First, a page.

Wednesday, 20 July 2016 22:37

I have a love-hate relationship with white folks

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I love what white folks represent, scientific civilization. As I see it, science is the best thing that has happened to human beings. I love those who represent science and technology, white folks.

As it were, because of their embrace of science I place white folks on a pedestal and want to be like them.


On the other hand, my personal psychology wants to be important and powerful and therefore detest anyone who looks down on me. If you look down on me I could attack and destroy you.  White racists look down on black folks. I hate white folks looking down on me.


I know that Africans are so backward that it is not even funny. Africans have not even begun taking the first steps on the ladder to scientific civilization. They have contributed nothing to science and technology. I do not want to be like unscientific people; in fact, I do not like their company; what would I be talking to people about if they are not scientific?

Because of Africans backwardness I understand why many white folks look down on them. Yet, I do not want to be looked down on because I am African.

Thus, I have a love-hate, ambivalent relationship with white folks; because of what they represent, science, I admire them and yet hate them because of their racism that looks down on me.

I understand the reason behind racism. Instead of pretending that there is no reason underlying racism, what Africans need to do is stop being proud of their backwardness and work hard to become scientific and technological and generally modernized.

As long as Africa is backward no one is going to respect it. People respect those with knowledge not ignorant people. People want to be like scientists not like witch doctors.

I really do not like the nonsense called multiculturalism and cultural relativity; all cultures are not equal; cultures that promote science and technology are more advanced than cultures that see the moon as god and worship it and or treat women as nothing because their religion tells them to do so.


One must examine one's self and understand who one is and what forces actuate one and not deny those forces or be unconscious of them.

In this vignette I made it clear what forces motivate me. In Alfred Adler's psychological categories, the exigencies of my biological and social life made me feel inadequate and I compensated with desire to seem adequate, powerful and superior. I do not like any human being born of woman, white or black, to even suggest that he is better than I am. If you try to seem better than I am I will do everything to take you down! That is my personal psychology.

Of course, I know that it is not healthy to be motivated to be powerful; I know that what is healthy is acceptance of the equality of all people, black and white.  Equality is ideal; however, I am talking reality here.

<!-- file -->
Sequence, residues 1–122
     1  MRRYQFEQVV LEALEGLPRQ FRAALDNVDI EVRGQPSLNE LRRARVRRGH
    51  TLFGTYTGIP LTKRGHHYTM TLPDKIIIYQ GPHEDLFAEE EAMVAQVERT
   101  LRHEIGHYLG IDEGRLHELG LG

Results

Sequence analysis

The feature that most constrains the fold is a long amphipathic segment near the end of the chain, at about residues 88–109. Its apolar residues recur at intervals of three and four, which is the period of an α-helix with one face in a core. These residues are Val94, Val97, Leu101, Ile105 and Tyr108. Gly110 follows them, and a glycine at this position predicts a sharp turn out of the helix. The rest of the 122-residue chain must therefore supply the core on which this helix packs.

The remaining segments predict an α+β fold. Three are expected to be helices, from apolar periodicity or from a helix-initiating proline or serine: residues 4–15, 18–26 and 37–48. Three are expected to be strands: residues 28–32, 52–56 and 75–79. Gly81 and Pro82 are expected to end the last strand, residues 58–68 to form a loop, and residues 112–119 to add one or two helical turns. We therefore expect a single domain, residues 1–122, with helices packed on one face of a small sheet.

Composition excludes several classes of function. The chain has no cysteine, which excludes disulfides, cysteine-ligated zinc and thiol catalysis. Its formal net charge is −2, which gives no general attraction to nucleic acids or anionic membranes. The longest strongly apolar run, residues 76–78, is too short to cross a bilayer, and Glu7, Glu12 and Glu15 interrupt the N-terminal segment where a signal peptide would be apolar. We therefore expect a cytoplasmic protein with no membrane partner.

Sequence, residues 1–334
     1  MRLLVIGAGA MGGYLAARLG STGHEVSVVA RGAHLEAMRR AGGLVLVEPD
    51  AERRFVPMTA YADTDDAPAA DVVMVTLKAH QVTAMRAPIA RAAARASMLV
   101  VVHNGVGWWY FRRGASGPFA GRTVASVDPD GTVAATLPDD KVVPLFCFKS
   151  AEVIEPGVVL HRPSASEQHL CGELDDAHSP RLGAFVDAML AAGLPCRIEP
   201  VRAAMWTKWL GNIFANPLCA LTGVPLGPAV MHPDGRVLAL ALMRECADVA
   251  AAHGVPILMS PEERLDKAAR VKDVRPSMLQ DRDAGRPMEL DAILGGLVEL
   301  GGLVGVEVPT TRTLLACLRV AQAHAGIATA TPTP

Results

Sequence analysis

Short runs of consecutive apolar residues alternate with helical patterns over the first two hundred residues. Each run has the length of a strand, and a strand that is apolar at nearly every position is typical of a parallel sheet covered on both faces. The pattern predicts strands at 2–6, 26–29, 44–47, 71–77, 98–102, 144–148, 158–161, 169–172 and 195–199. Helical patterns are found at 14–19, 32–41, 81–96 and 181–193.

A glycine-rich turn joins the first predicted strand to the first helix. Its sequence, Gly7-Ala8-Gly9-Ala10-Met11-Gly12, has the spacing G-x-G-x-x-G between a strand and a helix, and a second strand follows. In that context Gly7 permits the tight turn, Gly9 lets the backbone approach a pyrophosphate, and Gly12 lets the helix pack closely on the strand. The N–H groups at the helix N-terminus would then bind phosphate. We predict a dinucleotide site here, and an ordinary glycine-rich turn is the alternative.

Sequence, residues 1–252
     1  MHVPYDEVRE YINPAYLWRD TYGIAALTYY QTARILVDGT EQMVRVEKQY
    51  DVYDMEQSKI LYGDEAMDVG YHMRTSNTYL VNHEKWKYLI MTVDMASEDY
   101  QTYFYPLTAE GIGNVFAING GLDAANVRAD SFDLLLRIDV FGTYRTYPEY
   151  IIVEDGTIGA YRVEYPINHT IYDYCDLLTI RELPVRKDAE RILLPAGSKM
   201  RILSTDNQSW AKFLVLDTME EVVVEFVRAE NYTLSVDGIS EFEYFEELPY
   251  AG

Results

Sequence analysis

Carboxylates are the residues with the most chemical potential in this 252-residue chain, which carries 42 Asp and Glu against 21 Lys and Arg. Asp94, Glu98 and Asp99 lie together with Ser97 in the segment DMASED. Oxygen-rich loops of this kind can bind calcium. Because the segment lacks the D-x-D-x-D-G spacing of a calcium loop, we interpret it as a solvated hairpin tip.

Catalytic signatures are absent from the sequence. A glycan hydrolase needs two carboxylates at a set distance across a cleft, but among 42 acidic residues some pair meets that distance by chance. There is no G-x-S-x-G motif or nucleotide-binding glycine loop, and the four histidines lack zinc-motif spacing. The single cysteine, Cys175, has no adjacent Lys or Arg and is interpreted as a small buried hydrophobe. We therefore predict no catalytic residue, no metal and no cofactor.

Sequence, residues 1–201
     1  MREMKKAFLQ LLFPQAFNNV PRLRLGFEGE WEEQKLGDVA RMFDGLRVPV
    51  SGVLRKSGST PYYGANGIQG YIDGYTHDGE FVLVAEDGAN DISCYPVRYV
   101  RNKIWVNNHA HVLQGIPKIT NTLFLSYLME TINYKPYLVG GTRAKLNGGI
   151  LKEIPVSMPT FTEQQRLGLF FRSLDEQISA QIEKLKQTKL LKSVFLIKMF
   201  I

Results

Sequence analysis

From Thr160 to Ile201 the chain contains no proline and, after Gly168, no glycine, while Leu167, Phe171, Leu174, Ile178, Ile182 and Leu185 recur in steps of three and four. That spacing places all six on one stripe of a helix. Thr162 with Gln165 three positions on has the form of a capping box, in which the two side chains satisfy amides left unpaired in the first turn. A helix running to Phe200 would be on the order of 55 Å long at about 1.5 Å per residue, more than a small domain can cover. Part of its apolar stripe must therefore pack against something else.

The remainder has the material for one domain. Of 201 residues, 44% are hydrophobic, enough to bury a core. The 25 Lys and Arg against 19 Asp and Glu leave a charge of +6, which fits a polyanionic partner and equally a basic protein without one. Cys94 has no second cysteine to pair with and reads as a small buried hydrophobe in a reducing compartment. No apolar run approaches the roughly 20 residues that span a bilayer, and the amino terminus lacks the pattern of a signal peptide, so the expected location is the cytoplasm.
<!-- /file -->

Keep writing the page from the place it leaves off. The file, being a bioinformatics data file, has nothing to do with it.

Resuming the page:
You ought to understand the forces driving you and come to terms with them. One must make changes where change is possible and live with what cannot be changed in one.


I hate that Africans are primitive; in fact, I am ashamed of it; I understand why those who are more scientifically and technologically advanced than Africans would look down on Africans; yet, I do not like to be looked down on.

If you are white and you look down on me I will literally tear you apart, yet, I admire what white people represent, science and technology.

In effect, I am ambivalent towards white folks.

And what are you? Do you even know who you are? An unexamined life is not worth living, said a white man, Socrates.

After self-understanding, knowing who your real self is, not the social persona that you present to other people to relate to, the healthy thing to do is love you, love other people, love black folks and love white folks. Love is mental health; hate is mental disorder.

A human being combines health and non-health in him. Have you seen a totally healthy person; are you totally healthy? Remember that we are here talking realism not idealism.

Ozodi Osuji

July 20, 2016

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Ozodi Osuji Ph.D

Ozodi Thomas Osuji is from Imo State, Nigeria. He obtained his PhD from UCLA. He taught at a couple of Universities and decided to go back to school and study psychology. Thereafter, he worked in the mental health field and was the Executive Director of two mental health agencies. He subsequently left the mental health environment with the goal of being less influenced by others perspectives, so as to be able to think for himself and synthesize Western, Asian and African perspectives on phenomena. Dr Osuji’s goal is to provide us with a unique perspective, one that is not strictly Western or African but a synthesis of both. Dr Osuji teaches, writes and consults on leadership, management, politics, psychology and religions. Dr Osuji is married and has three children; he lives at Anchorage, Alaska, USA.

He can be reached at: (907) 310-8176